Opening statements began Wednesday morning as well.

Prosecution reminded the jury they have to prove Lovelace did the crime, however the defense does not have burden of proof. They also said the expert testimony will be the foundation, but circumstantial evidence will support that. 

The prosecution said they do not have to prove motive in the case, but they said they can demonstrate the motive. They also said the defense will try to show Curtis as a pillar of the Quincy community. Prosecutor David Robinson said, "He's on the school board for crying out loud. It's just a facade." 

Robinson said Curtis did not call 911 after finding Cory unresponsive, he called his boss instead.

Prosecution told the jury not to fall for the defense's misdirection, and to "keep your focus on Cory."

Jon Loevy and the defense began their opening statements, telling the jury that prosecution does not have a case because there is no evidence. He said Cory died of alcoholism. He said not to believe the defense, but to believe the coroner and pathologist. 

Loevy said all evidence points to no foul play. He called Cory's death unfortunate, but natural.

Loevy said Cory's alcoholism and bulimia had her "playing with fire and Cory got burned." He continued to say, "each year, thousands of people die early from alcoholism and unfortunately Cory was one of them." 

He said Cory refused to see doctors. After getting sick, she last ate on Sunday morning, and died on Tuesday. He showed a small part of an autopsy photo to the jury, saying it shows her malnutrition. 

He said the defense received recently withheld information ten days ago that showed there is no case. Loevy said a third party filed a Freedom of Information Act (FOIA), to get the emails from Gibson. He said they only got them because IT found the deleted emails.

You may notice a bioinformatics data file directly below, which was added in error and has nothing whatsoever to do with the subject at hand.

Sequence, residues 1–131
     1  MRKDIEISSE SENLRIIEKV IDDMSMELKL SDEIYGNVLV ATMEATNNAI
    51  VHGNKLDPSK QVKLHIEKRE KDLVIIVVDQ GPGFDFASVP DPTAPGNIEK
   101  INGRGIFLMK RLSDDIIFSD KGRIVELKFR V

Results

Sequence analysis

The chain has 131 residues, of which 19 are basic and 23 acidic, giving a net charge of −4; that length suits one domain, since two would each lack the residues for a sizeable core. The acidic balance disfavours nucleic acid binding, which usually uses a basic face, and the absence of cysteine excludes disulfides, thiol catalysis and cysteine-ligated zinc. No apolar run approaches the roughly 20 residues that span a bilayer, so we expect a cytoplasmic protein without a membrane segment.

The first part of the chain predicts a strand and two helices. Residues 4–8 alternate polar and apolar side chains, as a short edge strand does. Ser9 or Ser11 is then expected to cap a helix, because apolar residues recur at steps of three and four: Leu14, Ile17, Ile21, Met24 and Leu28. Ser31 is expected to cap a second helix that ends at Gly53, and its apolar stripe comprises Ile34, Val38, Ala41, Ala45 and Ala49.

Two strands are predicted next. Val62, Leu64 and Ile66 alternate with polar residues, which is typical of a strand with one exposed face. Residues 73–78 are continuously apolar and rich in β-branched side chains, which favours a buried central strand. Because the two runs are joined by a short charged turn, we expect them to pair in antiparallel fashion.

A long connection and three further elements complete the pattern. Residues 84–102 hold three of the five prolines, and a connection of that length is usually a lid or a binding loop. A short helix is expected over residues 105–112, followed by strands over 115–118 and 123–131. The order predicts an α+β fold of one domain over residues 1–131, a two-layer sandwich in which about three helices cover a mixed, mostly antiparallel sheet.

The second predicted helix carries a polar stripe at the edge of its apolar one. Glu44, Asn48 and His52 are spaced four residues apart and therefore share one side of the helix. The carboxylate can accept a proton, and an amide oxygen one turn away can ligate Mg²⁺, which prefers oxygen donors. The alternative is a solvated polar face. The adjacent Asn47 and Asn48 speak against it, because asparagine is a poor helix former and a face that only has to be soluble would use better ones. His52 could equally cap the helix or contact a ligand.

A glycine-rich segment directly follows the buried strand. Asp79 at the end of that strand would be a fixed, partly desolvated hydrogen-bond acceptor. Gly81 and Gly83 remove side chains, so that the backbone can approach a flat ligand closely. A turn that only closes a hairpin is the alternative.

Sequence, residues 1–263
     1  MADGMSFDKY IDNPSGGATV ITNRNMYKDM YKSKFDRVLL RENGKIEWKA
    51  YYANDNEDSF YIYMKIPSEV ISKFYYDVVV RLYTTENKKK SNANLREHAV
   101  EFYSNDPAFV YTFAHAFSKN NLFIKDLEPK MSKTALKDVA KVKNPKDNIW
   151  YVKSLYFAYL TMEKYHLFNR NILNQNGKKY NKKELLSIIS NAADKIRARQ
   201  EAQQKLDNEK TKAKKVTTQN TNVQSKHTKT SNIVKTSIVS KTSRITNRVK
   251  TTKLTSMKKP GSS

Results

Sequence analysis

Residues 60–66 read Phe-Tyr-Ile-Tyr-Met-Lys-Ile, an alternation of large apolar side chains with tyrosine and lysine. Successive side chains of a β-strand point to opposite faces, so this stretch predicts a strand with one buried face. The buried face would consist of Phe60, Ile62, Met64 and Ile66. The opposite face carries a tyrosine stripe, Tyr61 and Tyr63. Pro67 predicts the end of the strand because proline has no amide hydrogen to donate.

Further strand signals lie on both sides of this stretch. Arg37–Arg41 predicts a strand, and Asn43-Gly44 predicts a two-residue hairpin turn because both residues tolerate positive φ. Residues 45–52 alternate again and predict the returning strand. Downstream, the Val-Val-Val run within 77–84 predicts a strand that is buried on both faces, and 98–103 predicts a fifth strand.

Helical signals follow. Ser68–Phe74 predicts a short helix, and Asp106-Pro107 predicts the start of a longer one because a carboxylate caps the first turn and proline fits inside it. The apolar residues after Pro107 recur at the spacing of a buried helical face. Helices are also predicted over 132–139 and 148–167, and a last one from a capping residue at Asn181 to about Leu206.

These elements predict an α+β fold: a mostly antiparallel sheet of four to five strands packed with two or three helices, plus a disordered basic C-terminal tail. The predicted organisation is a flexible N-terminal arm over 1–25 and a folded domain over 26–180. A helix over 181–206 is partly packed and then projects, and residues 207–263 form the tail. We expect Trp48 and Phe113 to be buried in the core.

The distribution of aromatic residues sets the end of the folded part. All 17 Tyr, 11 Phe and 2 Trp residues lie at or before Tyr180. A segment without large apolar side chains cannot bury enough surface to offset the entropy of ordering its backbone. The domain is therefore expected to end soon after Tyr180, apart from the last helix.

"There's a drove of smoking gun communication," Loevy said. "There are e-mails that were improperly withheld from the defense."

He also said the prosecution did not talk about evidence in the opening statements because they have none. He said he was surprised the state did not lay out its time line of Cory's death. He told the jury the reason they did not is because evidence contradicts it. 

Loevy said Detective Adam Gibson would not stop searching for suffocation opinions despite seven saying there was no suffocation. He said Gibson did not tell grand jury about seven other opinions so he can get the murder charges. 

Judge Bob Hardwick said he plans to go from 9 a.m. to 4:30 p.m. every day, with a morning, lunch, and afternoon break.

Judge Hardwick confirmed that one juror has been removed and two alternates remain. 

The jury now consists of six men and six women.

A jury of twelve was selected yesterday, along with three alternates.

Special Prosecutor Ed Parkinson emerged from chambers yesterday stating, "We already lost a juror." It is unclear if one of the jurors has already been dismissed. He would not give any details when questioned.  

When asked, Judge Hardwick stated, "As of right now we have twelve jurors and three alternates." Hardwick did not answer when asked directly if a juror had already been lost. 

Click here for full coverage of the Lovelace murder case.